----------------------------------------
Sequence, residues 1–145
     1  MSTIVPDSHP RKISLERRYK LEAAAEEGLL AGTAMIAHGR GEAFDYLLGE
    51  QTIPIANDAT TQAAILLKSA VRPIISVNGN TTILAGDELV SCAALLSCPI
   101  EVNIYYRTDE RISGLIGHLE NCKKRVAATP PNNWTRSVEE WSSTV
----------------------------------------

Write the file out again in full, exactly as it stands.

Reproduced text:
Sequence, residues 1–145
     1  MSTIVPDSHP RKISLERRYK LEAAAEEGLL AGTAMIAHGR GEAFDYLLGE
    51  QTIPIANDAT TQAAILLKSA VRPIISVNGN TTILAGDELV SCAALLSCPI
   101  EVNIYYRTDE RISGLIGHLE NCKKRVAATP PNNWTRSVEE WSSTV